For more resources and activities, contact the K-State Research and Extension office in your area. Check out our other blogs and subscribe to our weekly emails here:

Better Kansas – August 22, 2019

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Welcome to Better Kansas. Where every Thursday we shed light on events, resources and other information designed to make your life, businesses, communities and state better. Don’t forget to hit subscribe! – Mary Lou Peter

Better Living, Better Communities

MANY OF US HAVE A LOVE-HATE RELATIONSHIP WITH SUGAR and most of us know the difference between table sugar and powdered sugar, but there’s a lot more to that sweet carbohydrate than some of us knew. And it comes in so many forms! There’s your coarse sugar and your fruit sugar and your brown sugar and your turbinado sugar?! … You get the picture. Get the scoop in Sugar: More Than Just a Sweetener to learn about sugars and sugar substitutes such as aspartame and stevia, plus information on the function of sugar in foods. I never knew that in frozen foods, low temperatures tend to numb the taste buds and sugar acts to enhance flavors. Am I the only person who’s never heard of the Maillard reaction?

I’LL BE THE FIRST TO ADMIT, I NEED AN OCCASIONAL REMINDER to stick to a budget, use credit wisely and to be savvy about saving. For many of us baby boomers, our thoughts have shifted to thinking less about saving for a wedding or making it to the kids’ volleyball tournament and a lot more about planning our next weekend getaway and how to make our money last through a long, healthy 😊 retirement. The article Keys to Embracing Aging: Financial Affairs is full of reminders of things to consider as we age, plus do’s and don’ts we may not think about, especially regarding consumer protection. My own family remembers a relative who was incredibly smart but fell prey to a company that took advantage of him as he grew older. It can happen to anyone.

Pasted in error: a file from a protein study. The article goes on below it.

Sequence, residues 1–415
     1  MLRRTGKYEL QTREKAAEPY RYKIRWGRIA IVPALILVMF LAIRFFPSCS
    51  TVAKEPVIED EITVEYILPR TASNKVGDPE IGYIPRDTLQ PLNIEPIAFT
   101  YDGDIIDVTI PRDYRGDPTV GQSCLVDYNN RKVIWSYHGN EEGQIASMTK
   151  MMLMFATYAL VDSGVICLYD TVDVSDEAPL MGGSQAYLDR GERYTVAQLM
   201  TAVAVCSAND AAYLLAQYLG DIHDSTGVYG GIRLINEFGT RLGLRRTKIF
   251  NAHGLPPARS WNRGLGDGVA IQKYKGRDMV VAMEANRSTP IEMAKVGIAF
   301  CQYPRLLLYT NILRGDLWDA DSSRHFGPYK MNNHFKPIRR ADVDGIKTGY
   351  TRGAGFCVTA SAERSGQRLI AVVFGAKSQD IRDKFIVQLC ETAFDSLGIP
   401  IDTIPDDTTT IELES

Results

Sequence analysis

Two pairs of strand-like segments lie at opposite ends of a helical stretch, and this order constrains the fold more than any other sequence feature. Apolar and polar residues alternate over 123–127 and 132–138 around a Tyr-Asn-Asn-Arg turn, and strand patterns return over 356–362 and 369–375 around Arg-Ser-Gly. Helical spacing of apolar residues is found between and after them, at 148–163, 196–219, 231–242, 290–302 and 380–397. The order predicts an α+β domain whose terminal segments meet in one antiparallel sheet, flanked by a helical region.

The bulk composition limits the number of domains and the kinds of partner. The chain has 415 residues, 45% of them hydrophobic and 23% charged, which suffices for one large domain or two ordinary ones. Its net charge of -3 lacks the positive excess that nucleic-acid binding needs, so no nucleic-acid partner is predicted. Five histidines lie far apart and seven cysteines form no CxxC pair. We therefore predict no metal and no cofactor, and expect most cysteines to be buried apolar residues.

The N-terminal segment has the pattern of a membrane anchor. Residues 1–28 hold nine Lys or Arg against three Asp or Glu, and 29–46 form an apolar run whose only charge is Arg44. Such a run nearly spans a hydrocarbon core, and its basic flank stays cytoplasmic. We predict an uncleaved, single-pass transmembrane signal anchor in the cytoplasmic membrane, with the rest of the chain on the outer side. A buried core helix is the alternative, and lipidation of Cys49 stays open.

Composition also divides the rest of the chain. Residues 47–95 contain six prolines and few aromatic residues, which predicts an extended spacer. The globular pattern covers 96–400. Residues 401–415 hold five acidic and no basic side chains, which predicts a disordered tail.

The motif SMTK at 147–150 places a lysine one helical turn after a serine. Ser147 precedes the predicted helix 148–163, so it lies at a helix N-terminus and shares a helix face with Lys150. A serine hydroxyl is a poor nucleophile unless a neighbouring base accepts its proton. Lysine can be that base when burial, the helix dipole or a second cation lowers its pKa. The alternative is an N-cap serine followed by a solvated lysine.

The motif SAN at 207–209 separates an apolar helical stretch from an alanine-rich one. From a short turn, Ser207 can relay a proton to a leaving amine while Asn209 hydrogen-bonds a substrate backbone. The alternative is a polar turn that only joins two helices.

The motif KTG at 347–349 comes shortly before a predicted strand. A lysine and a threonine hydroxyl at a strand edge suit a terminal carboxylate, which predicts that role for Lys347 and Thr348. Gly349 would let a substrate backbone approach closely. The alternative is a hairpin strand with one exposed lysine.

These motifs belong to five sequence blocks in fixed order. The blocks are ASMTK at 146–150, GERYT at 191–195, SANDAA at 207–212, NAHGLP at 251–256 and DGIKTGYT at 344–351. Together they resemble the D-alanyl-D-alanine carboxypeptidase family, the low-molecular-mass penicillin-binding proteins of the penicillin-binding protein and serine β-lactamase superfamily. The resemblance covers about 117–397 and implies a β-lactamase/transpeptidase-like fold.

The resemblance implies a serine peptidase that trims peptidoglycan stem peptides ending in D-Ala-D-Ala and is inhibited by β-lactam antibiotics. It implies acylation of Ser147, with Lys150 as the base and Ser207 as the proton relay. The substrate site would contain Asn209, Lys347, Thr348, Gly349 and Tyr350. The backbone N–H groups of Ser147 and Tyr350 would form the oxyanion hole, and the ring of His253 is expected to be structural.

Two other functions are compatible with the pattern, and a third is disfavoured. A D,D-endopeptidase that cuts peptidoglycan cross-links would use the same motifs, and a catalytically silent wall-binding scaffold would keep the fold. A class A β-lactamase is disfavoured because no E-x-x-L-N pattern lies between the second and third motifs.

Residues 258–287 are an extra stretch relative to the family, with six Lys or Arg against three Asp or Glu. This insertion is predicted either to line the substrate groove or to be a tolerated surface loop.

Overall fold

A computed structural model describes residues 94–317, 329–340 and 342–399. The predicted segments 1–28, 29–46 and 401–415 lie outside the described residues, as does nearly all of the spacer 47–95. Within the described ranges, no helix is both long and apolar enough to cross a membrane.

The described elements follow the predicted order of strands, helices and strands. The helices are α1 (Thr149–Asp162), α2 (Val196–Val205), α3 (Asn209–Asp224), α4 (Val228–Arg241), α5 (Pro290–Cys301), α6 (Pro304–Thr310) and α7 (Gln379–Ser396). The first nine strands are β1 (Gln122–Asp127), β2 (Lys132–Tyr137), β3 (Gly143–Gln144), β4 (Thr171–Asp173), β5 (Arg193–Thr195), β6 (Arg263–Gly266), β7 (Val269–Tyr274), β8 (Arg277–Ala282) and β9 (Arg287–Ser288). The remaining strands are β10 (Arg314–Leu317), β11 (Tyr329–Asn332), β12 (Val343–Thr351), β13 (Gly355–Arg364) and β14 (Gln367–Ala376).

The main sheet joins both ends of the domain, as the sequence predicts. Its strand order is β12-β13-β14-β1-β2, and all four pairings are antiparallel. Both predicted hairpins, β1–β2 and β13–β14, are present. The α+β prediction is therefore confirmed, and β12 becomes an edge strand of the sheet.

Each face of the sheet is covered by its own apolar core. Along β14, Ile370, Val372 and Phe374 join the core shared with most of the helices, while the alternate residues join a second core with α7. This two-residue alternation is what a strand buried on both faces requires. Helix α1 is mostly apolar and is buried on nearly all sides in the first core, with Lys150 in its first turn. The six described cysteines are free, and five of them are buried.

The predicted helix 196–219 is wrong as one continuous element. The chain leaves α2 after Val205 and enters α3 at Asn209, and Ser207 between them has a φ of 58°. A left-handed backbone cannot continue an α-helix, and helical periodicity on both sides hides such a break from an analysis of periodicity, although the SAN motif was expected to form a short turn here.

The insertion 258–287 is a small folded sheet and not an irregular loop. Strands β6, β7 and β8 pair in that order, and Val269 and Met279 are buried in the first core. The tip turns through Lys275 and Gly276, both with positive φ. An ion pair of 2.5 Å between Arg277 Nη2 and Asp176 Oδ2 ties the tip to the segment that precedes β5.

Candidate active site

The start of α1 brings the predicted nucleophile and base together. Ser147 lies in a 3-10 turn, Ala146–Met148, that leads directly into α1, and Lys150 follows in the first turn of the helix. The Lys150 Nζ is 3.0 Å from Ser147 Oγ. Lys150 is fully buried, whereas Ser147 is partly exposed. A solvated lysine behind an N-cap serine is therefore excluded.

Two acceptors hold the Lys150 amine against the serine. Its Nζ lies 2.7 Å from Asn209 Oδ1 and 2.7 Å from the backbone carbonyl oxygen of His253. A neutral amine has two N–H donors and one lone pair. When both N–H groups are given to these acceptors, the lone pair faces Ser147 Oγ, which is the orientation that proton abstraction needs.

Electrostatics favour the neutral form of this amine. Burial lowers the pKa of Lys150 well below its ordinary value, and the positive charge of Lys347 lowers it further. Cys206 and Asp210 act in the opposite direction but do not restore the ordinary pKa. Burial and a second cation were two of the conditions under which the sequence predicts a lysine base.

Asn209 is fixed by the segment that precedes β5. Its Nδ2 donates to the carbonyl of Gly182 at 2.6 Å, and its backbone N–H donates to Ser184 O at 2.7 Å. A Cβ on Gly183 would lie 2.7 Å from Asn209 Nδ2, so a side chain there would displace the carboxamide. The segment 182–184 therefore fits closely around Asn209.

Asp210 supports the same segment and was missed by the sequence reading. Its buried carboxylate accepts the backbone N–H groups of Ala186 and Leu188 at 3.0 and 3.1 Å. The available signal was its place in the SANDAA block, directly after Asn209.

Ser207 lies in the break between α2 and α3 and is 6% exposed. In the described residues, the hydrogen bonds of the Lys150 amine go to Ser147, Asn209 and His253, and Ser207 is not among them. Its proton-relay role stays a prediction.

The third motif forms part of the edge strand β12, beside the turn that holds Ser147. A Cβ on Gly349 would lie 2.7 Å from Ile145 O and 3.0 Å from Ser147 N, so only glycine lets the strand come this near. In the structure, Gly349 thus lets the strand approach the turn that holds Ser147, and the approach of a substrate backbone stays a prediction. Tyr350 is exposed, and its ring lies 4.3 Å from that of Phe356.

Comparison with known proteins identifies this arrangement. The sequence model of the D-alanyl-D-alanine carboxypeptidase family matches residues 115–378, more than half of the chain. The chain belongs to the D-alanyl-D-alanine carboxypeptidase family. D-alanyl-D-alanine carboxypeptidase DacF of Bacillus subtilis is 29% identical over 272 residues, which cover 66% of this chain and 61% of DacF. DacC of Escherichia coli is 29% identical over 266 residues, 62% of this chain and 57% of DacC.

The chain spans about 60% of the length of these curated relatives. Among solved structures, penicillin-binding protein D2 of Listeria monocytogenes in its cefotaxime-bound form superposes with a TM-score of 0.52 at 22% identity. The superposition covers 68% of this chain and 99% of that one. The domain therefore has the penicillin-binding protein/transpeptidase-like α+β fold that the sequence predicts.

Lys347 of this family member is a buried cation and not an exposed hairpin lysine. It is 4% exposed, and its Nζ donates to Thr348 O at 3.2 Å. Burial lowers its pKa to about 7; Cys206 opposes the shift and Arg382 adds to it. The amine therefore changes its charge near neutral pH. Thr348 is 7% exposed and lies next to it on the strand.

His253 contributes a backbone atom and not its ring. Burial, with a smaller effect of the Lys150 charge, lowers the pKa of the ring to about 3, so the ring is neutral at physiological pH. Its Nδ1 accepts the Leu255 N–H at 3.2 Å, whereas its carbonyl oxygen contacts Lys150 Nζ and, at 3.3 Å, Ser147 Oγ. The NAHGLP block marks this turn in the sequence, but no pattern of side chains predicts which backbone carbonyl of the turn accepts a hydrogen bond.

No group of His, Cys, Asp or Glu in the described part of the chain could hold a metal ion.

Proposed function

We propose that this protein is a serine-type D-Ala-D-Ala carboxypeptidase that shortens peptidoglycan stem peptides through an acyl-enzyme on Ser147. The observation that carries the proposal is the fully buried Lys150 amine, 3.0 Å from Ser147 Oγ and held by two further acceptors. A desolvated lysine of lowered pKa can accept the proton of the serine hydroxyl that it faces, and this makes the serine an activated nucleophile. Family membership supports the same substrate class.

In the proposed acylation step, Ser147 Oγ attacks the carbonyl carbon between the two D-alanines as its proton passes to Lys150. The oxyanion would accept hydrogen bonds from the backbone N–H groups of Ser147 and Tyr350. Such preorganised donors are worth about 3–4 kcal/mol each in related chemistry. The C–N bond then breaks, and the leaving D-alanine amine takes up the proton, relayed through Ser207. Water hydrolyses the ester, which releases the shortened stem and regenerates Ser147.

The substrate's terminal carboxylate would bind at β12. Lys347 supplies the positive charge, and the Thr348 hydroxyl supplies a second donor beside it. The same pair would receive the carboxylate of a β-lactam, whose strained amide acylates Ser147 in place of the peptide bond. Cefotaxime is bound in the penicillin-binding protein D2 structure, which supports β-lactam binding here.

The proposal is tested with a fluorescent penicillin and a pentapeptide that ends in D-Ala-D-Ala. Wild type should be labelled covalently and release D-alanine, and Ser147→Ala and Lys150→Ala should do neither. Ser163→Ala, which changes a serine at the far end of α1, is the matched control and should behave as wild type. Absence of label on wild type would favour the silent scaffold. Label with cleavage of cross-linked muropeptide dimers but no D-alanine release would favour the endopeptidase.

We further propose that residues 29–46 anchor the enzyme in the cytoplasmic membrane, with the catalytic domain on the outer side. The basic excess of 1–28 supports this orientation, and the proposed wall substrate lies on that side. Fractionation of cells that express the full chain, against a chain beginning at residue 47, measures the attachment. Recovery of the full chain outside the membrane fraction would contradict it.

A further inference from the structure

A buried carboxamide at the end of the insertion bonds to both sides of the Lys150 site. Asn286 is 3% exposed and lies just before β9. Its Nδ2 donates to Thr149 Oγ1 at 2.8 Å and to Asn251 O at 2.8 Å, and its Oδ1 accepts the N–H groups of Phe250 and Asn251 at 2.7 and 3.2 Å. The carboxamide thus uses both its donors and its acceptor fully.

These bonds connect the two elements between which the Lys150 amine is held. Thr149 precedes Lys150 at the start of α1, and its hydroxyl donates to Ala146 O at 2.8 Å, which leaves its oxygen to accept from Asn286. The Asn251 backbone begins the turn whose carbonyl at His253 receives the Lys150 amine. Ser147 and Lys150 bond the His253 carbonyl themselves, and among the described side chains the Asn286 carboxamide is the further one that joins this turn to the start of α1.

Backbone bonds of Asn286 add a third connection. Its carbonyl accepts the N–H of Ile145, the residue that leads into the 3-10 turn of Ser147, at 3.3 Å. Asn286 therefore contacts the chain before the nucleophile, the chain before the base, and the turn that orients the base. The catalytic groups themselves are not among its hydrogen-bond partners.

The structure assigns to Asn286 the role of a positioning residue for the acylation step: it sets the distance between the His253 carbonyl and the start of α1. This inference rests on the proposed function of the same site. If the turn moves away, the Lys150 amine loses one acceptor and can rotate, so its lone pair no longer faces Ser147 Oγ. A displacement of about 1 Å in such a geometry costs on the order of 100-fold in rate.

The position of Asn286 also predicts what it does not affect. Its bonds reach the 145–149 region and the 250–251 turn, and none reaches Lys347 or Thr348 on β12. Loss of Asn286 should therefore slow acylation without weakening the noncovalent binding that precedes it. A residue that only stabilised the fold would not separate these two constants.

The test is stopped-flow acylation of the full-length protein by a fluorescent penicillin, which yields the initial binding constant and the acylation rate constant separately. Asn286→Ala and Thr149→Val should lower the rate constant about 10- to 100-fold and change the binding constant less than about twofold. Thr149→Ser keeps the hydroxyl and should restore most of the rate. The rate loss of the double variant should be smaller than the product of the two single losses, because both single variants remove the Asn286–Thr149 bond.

ONE OF THE GREAT THINGS ABOUT BEING NEAR A MAJOR UNIVERSITY is easy access to informational sessions presented by an array of experts – and sometimes you don’t even have to be a student. A visual and insightful treat is in store for anyone who attends the Henry C. Gardiner Lecture Series at K-State Oct. 14. That’s when Dennis Dimick, the former executive environmental editor for National Geographic will speak about the challenges of living in the modern human era in his presentation “Living in the Human Age.” The free lecture, in the university’s McCain Auditorium, is open to the public. While at National Geographic, Dimick worked on more than 90 projects that addressed climate change, public lands, freshwater scarcity, coal and natural gas as energy supplies, and the effects on water supply from drought and snowpack loss in the United States. While on campus, he and National Geographic photographer Jim Richardson will speak to students and other campus groups. More information, plus a Q&A is available online. Plus, more information is available about the Henry C. Gardiner Global Foods Systems Lecture Series.

Better Farming, Ranching and Gardening

THEY COME BACK EVERY YEAR TO WOW US WITH THEIR BEAUTIFUL FLOWERS, but even daylilies need a little TLC. This is the time of year to consider dividing daylilies, especially if it’s been a few years (or ever?) since the last time they were divided. Dividing them every 3-4 years helps keep them looking their best and we’ll be the lucky recipients of that for years to come. Check out the Dividing Daylilies section of a recent K-State Horticulture Newsletter and take a look at the video Dividing Daylilies.


YOU MAY KNOW KANSAS AS THE WHEAT STATE but did you know there are many varieties of wheat grown across the state? What grows well in western Kansas does not necessarily grow well on the eastern side of the state because of differences in average precipitation, soil type and other factors. To help farmers determine what varieties grow best and where, which certainly comes in handy when making decisions about seed purchases, K-State’s Agronomy Department and partners have just issued the NEW 2019 Kansas Performance Tests with Winter Wheat Varieties. It’s just a tad important since about one-fifth of all wheat grown in the United States is grown in Kansas.

By the way, university agronomists make public information on other crops too, such as corn, soybeans, canola, sunflower, grain sorghum and others. More on those later.